Because if it is nostalgia that’s driving the movie’s colossal presence, I’m not sure we should be indulging quite so ardently. Nostalgia used to be seen as a sort of illness, a longing for a better time, when things were, you know, how they were meant to be. It makes the future feel hopeless in comparison to an unblemished bygone era (and if Jurassic World is the embodiment of that era, unblemished is not the word), and stifles progress. A little nostalgia is no bad thing, it can be quite charming, and in the right moment (such as the recent passing of James Horner) even appropriate.  But as a means for driving the centre-pieces of mainstream, commercial culture, nostalgia is a radical stumbling block. How can we expect to define and create new experiences, when we’re slavishly fixated on reliving touchstones from ’77, ’93 and even in some cases (if you’re lucky enough to consider it part of your youth) ’03.  It won’t work.

Other films playing on that same sentiment this summer include the dismal Terminator Genisys (the worst in a storied franchise that like its star, has allowed nostalgia to become its ultimate foe) and Warner’s upcoming (and amusingly promoted) reboot of the Vacation franchise. Whether Vacation is any good is another matter (and I really hope it is), but there’s no doubt that in reanimating a brand so specifically entwined with the experience of growing-up in the 80s/90s, that the studio are fully committed to plugging the nostalgia angle. The theatrical trailer spends more time reliving scenes from the original series than it does emphasising some of the reboot’s more contemporary assets, including the presence of Charlie Day (genuine reason for excitement in any capacity) or even a schlong-tastic cameo from Chris Hemsworth (okay, the film-makers really celebrate Thor's dick). They believe you’ll want to watch Vacation because it’s symbolic of a better time, of a better cinematic experience. The final gag even relies on your awareness of a joke from a previous entry, a joke designed to scream “We’re doing it again, isn’t that glorious!”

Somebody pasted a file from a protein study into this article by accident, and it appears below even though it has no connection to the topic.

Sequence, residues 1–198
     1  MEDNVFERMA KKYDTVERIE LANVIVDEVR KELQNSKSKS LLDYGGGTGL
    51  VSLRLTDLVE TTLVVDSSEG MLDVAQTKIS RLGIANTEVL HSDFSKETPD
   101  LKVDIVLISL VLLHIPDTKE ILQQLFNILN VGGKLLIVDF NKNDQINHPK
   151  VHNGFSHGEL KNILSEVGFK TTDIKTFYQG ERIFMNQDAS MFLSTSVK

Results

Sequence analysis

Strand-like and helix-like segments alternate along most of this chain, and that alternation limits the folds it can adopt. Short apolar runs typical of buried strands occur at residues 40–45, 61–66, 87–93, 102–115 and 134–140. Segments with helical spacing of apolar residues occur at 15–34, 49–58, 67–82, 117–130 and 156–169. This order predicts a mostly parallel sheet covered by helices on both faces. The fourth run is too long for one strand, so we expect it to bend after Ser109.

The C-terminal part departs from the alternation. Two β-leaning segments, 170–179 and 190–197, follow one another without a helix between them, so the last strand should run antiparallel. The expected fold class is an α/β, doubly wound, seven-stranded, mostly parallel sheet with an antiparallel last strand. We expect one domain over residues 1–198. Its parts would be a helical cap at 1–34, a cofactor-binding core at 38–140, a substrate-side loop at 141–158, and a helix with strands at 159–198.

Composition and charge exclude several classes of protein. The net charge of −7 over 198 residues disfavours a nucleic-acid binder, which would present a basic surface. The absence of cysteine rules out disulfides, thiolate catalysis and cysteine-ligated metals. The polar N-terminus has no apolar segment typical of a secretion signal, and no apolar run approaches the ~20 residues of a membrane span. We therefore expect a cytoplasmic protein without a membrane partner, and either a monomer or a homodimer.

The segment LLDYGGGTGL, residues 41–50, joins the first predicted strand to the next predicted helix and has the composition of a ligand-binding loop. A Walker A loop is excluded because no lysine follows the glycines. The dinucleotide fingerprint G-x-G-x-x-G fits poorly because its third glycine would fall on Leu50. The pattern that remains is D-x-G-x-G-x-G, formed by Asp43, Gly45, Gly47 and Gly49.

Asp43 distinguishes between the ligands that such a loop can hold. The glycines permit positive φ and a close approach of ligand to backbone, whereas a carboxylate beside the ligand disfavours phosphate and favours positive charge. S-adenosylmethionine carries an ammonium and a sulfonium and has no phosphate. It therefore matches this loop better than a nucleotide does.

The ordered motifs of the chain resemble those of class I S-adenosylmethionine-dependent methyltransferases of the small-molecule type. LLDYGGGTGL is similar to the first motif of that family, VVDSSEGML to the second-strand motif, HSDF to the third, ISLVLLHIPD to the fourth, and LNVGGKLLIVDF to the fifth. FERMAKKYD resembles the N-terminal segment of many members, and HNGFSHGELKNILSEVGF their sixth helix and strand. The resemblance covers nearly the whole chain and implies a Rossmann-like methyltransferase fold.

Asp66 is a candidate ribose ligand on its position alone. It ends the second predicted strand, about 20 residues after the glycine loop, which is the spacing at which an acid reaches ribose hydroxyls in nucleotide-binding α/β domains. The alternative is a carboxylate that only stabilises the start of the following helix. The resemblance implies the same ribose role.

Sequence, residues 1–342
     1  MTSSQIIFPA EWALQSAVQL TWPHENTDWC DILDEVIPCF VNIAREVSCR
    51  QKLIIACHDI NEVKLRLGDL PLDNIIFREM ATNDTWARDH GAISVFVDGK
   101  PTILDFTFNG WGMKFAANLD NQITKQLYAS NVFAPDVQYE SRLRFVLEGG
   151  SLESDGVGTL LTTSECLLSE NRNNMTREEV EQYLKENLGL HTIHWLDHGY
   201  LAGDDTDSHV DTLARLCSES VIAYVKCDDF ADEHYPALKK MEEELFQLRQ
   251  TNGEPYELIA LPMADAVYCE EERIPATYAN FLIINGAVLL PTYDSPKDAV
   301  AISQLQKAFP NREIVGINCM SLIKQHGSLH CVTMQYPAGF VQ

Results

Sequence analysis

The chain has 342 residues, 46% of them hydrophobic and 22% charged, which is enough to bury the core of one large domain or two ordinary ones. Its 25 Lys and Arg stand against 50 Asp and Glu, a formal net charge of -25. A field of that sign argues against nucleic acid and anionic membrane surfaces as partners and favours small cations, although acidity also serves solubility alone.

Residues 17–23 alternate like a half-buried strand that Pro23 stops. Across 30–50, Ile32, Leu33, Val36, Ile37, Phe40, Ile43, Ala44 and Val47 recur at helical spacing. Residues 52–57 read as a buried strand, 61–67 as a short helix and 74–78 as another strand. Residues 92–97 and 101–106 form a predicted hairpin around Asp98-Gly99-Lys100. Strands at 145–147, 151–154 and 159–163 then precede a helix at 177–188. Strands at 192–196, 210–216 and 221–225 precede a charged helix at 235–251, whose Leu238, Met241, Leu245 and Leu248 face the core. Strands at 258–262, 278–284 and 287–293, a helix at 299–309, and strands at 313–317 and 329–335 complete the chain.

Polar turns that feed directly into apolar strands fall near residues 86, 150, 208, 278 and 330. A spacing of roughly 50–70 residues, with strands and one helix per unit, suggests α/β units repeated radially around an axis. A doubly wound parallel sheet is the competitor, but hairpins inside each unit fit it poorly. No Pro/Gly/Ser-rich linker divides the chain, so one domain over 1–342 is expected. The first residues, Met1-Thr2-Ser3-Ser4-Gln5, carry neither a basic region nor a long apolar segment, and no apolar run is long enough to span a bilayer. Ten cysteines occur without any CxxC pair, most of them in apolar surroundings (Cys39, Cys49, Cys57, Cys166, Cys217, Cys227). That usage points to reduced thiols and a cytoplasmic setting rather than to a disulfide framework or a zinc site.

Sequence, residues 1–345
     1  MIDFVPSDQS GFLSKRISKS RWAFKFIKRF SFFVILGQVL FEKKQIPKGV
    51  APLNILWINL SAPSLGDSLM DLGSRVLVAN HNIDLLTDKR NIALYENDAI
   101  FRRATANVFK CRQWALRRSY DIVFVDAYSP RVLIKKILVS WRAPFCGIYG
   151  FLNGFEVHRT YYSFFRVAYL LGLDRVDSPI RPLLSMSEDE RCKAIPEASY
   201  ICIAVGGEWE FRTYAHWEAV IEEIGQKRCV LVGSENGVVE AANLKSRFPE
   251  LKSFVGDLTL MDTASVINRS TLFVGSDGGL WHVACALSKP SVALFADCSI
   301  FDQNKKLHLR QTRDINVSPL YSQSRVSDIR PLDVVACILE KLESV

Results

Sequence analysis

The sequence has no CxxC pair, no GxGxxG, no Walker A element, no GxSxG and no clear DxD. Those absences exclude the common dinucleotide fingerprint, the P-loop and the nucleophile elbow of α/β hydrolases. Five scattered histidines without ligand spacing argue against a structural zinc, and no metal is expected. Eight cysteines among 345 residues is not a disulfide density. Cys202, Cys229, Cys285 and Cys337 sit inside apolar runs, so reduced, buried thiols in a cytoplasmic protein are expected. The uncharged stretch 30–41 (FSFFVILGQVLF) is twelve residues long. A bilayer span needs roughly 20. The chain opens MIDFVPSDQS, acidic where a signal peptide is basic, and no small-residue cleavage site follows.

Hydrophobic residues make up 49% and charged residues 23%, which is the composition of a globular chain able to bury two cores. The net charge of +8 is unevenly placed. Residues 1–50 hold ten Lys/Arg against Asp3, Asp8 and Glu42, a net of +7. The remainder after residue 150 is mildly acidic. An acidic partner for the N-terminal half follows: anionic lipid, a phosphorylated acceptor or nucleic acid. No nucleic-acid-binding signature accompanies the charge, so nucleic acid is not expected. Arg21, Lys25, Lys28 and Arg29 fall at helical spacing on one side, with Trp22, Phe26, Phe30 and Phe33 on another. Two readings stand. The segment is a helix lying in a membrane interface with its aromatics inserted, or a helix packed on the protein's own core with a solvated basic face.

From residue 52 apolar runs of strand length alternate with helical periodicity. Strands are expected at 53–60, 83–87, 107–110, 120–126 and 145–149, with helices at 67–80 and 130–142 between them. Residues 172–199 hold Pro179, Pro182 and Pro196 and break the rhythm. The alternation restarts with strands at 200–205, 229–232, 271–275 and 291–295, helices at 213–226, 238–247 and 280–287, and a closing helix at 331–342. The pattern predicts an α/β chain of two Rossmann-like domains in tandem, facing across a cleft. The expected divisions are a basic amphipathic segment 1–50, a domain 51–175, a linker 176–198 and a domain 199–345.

A new (not fresh) Star Wars saga commences at the year’s end, and even the most conservative estimations have it making a credible stab at Avatar’s 6-year streak as the most commercially successful movie of all time.  I don’t know that’ll do that (breaking the $2 billion mark in and of itself seems a stretch), but I have no doubt Jedis will perform as they always have,  which is to say exceptionally well. And that’s regardless of quality.

So, what’s truly getting movie-goers into auditoriums come December?

I don’t think there are many of us who feel culturally a new Star Wars adventure is necessary, but most of us will journey to absorb the spectacle regardless. Because maybe, just maybe, it’ll all make us feel 8-years old again. We’ll exist in a mind-set where our juvenile metabolisms eradicate the need to be conscious of the calories in popcorn, in which a theme tune can rouse genuine ecstasy in the fibre of one’s being and where there is no Harrison Ford, just Han and Chewie. I imagine it’ll be a ton of fun.

But what’s the cost?

What feature won’t be seen as a consequence, just because it failed to incite some unspeakable fluffiness in your stomach? Will cinema remain rooted in a skillful regurgitation of a style that hasn’t felt dynamic since the 90s? And will we choose to consume it again and again, reminding ourselves, that film, just like everything else, isn’t what is used to be.

I don’t know. Nor do I pretend to. But as Jurassic World continues to chew through the globe’s wallets like a T-rex coming off a diet, you’ve really gotta wonder.


Ant Man, anyone?

An article by Daniel Kelly, 2015